Tuba takes centre-stage for premiere

RSNO and Principal John Whitener will perform European Premiere of new concerto

 

The tuba makes a rare appearance as a soloist instrument this week, when RSNO Principal Tuba John Whitener and the Orchestra perform the European premiere of American composer Jennifer Higdon’s Tuba Concerto, at the Usher Hall, Edinburgh on Friday and the Glasgow Royal Concert Hall on Saturday.

The new concerto has been commissioned by the RSNO, Pittsburgh Symphony Orchestra and the Curtis Institute of Music in Philadelphia. The world premiere was performed by Pittsburgh Symphony Orchestra and Principal Tuba Craig Knox at Heinz Hall, Pittsburgh in March this year, which was met with critical acclaim, the Pittsburgh Post-Gazette saying that, “…Ms Higdon’s concerto was engaging throughout, with angular, dynamic melodies and short bursts of virtuosity…providing a convincing case for the solo potential of the tuba.”

 

Composer Jennifer Higdon: “I am thrilled that the RSNO is a commission partner on this new work. Your orchestra will always be a part of its history. I’m especially happy that John Whitener is the soloist. He was a student of mine at the Curtis Institute of Music. At that time, I taught a class on contemporary music and it’s wonderful that he is taking on a new work and carrying on this important tradition.”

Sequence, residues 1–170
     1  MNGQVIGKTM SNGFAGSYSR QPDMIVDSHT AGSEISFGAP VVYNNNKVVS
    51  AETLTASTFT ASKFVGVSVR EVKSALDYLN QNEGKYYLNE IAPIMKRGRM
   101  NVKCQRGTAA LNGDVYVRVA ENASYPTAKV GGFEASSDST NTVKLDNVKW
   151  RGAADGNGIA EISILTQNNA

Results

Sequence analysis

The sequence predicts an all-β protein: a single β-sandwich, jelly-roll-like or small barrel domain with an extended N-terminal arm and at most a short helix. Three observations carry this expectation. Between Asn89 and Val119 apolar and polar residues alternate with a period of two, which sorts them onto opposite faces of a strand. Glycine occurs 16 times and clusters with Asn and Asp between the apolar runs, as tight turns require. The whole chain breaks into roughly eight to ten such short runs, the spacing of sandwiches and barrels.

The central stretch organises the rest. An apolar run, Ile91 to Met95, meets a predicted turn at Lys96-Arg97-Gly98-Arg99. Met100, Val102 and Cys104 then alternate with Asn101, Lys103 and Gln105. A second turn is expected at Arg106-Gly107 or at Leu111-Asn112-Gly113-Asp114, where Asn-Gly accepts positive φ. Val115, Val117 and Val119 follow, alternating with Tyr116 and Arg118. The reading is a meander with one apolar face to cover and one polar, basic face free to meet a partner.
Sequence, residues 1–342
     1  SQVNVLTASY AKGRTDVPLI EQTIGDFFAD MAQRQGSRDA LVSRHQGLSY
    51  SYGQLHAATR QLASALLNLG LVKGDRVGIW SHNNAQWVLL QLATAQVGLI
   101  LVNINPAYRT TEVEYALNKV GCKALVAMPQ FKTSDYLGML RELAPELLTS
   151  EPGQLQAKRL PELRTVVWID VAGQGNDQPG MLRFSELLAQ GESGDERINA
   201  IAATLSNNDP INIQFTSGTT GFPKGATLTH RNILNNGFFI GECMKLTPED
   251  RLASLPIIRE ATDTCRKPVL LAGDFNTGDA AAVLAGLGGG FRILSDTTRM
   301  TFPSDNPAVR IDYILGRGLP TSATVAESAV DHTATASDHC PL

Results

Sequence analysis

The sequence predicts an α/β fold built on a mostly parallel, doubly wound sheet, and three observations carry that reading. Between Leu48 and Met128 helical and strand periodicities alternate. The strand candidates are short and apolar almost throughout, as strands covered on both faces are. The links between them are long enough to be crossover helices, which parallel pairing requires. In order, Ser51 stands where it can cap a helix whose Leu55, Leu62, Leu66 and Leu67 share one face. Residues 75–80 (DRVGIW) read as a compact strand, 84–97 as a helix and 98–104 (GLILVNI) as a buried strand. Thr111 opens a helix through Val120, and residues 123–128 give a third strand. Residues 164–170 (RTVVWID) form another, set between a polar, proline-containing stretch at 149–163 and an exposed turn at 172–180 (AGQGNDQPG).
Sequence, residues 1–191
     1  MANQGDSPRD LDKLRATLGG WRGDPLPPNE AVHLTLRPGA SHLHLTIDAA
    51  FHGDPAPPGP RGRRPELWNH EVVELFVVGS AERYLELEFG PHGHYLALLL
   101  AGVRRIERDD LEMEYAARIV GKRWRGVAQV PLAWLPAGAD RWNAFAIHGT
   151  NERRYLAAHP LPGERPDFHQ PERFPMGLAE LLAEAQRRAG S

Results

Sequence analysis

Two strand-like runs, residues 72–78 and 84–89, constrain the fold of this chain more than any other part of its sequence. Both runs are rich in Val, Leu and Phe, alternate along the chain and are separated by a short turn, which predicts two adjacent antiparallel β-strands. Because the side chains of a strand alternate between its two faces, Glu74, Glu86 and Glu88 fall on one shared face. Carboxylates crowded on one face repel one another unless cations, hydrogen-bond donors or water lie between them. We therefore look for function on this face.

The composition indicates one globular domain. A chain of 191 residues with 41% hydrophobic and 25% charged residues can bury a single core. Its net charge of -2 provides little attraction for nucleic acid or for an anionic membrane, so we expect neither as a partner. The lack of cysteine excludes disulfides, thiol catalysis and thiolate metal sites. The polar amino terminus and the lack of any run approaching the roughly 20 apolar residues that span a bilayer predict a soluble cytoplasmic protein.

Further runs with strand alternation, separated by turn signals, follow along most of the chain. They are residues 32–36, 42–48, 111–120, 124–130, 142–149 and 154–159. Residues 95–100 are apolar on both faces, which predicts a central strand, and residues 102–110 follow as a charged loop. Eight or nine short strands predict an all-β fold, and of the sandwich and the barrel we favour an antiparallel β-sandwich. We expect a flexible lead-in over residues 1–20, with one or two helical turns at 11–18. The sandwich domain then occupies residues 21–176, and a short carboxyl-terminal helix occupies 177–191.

RSNO Principal Tuba John Whitener: “I am very much looking forward to performing this work from Jennifer Higdon. It’s rare that a tuba concerto written by such a reputable composer gets commissioned. Off the top of my head I can only think of three, the most famous of which is the Ralph Vaughan-Williams, and after that the Edward Gregson and the John Williams. I have to say, hats off to the RSNO, Pittsburgh Symphony, and Curtis Institute for collaborating on such an exciting project, with particular mention to Craig Knox and Jennifer for spearheading the project.

 

“This concerto is written really well for the tuba. It strikes the perfect balance of pushing the instrument to its limits, while not doing anything impractical, and yet still managing to bring out the expressiveness that the tuba is capable of (and so rarely gets shown off). Tuba players usually have to steal music from other instruments to share these qualities, and it’s exciting to see a new original work that captures them so well.”

 

The European premiere of Jennifer Higdon’s Tuba Concerto appears in a programme which also features Polish composer Andrzej Panufnik’s Landscape and Holst’s The Planets (with the sopranos and altos of the RSNO Chorus), conducted by John Storgårds.  For more information please visit www.rsno.org.uk.